What school drop-off taught me about servant leadership

I have learned, I hope, much from watching those whose leadership is a lived reality.

Some of the most important lessons I’ve learned on leadership were through working with principals and business managers when I headed the Association of Independent Schools of the ACT in Canberra some years back.

I’ve previously blogged on the importance of ‘clean shoes’ – and a further reflection on ‘we’ – not ‘me’ from my time in that role.

And so it was with Paul Browning, who is now heading a school in Brisbane, but was then at a school in Canberra.

Paul was very much about servant leadership – and his observation of how he did this day in, day out, formed a significant positive influence on how I try and head my teams. His blog on Compelling Leadership is a good read:

The key ingredient to a positive culture in a school or, for that matter, any organisation in the education or corporate spheres, is trust.

In effect, Paul stood out the front of his school, with his senior staff each morning. The kids saw him as they got dropped off, he had the opportunity to greet them and say good morning. But so too did his parents (in independent schools the key funders) – each day.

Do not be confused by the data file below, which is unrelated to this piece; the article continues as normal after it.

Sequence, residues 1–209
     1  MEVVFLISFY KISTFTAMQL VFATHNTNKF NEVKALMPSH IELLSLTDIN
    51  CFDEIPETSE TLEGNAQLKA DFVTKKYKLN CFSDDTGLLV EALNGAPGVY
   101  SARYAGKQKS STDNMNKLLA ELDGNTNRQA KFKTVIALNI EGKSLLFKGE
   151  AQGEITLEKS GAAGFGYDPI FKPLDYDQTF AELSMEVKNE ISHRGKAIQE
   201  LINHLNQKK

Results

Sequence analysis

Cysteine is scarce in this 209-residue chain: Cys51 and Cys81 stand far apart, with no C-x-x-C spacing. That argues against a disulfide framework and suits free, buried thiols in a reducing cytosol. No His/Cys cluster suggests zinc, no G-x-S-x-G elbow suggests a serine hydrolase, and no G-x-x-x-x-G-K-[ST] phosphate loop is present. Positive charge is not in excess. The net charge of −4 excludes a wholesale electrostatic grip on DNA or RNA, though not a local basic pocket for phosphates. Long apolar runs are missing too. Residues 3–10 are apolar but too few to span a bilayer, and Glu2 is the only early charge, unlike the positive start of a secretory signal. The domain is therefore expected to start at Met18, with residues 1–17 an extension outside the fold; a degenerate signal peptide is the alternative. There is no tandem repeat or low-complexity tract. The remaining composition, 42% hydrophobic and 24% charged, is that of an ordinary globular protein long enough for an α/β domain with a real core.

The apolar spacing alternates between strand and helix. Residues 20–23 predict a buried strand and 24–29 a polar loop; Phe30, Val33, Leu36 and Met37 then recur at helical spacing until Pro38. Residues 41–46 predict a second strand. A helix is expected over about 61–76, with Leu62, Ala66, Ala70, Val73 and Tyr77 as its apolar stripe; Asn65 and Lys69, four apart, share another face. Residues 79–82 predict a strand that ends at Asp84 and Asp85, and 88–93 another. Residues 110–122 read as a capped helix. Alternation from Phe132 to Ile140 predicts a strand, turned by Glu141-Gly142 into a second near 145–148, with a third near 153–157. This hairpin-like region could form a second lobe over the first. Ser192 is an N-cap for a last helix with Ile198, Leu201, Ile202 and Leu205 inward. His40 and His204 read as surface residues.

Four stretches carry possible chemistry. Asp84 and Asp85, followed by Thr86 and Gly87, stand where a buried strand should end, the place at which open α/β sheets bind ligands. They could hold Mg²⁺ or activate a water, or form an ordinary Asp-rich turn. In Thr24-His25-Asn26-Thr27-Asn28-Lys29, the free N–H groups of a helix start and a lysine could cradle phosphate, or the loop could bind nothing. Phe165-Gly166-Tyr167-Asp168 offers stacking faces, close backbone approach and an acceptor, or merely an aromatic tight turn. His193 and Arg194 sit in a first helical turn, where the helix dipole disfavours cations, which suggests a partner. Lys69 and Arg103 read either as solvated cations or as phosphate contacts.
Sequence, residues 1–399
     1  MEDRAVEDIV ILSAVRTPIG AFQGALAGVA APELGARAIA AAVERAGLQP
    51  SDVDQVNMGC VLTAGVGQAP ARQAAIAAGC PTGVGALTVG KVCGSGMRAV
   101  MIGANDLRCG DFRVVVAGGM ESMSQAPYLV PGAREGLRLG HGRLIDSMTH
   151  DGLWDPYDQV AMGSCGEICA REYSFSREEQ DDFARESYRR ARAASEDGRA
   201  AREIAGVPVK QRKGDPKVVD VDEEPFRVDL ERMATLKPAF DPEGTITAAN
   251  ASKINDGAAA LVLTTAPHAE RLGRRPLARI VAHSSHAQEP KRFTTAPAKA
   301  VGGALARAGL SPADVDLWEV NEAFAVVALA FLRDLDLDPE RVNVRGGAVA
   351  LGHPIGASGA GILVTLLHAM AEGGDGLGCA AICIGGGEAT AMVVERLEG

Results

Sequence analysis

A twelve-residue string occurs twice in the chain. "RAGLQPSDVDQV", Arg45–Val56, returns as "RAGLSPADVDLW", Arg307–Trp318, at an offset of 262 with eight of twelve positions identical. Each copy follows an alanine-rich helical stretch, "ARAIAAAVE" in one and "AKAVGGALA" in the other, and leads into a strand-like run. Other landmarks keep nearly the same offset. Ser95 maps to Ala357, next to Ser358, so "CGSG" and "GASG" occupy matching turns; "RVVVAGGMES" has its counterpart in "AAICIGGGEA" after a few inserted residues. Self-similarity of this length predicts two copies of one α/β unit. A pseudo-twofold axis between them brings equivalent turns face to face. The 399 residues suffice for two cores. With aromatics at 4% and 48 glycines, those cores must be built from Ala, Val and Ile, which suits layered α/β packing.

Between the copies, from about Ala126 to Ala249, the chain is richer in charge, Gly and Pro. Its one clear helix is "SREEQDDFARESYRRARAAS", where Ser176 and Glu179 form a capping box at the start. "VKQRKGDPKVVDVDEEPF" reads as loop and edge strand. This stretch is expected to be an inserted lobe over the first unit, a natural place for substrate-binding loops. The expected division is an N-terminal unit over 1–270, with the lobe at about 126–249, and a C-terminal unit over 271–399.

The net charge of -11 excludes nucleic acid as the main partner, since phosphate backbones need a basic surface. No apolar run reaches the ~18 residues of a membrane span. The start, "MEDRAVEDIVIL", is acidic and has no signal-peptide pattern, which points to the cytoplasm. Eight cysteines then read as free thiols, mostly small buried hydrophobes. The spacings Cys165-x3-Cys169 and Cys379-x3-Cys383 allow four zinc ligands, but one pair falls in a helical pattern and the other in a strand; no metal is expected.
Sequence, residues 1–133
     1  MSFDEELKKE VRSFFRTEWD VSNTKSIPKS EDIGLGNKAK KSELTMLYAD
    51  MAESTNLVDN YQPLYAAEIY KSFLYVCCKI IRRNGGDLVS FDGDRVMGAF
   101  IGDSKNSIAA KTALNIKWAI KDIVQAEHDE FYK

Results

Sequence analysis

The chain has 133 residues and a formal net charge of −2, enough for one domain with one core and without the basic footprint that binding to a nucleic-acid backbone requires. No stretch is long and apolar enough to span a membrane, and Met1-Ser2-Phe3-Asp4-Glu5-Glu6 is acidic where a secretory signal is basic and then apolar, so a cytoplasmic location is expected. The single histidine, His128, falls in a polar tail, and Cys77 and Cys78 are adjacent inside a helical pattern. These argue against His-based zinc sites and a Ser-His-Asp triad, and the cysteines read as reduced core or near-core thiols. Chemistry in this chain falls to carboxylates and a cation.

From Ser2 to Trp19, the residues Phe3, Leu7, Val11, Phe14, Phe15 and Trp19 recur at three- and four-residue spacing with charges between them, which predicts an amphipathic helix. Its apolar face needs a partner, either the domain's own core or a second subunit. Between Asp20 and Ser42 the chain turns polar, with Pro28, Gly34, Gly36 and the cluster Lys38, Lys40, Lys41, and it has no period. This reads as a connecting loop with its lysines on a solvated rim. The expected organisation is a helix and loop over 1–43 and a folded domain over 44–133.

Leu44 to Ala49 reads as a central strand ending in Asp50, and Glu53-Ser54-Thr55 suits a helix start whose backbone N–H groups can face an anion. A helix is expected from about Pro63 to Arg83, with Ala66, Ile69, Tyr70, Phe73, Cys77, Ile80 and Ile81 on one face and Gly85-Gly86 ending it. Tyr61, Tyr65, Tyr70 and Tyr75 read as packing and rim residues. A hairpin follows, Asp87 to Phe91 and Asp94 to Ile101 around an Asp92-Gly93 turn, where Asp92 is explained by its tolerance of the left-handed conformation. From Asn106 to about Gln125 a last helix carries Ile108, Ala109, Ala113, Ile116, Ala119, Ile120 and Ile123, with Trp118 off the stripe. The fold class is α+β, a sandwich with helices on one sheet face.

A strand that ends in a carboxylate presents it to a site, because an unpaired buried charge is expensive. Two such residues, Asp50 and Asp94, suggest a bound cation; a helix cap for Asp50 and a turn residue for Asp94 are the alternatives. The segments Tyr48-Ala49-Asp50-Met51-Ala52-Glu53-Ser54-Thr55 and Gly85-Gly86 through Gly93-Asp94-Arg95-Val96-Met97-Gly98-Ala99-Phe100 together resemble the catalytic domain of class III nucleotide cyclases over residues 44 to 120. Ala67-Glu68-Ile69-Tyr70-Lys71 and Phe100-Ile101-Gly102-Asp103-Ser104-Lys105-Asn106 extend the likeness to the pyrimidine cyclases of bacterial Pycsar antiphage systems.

Seems simple, doesn’t it? And yet in how many workplaces is that values-actioned leadership missing, and how much do people miss out because of poor leadership?

Paul and his team walked the walk by being present where and for who it mattered. Never did I recall him doing wider education sector events like breakfasts – his focus was his school, his students, and the parents who he ultimately worked for.

He led by example, and the school grew, and prospered in a very tough education ‘market’ where parental choice abounded.

No sh*t leadership indeed.

It’s a simple thing, being there for those who matter. And it was an attitude that was not confined to Paul or his senior staff. I recall vividly being at an education sector function where the Year 4 ‘Men’s Choir’ performed – two teachers encouraging their boys to get out in public and sing (actually they just gleefully singishly yelled and stomped AC/DC and other classic hits and I’m not sure if the kids or their teachers were having more fun!).

You set the tone.

My time in education taught me that leadership comes in many forms, but it’s always easy to see, and that leaders like Paul lead from within, asking of those they lead only what they would ask of themselves.

Please. Thank you. What can I do for you. Servant leadership. Thanks Paul – and may the Year 4 men always sing loud and proud!


Graphic courtesy http://compellingleadership.com.au/ 

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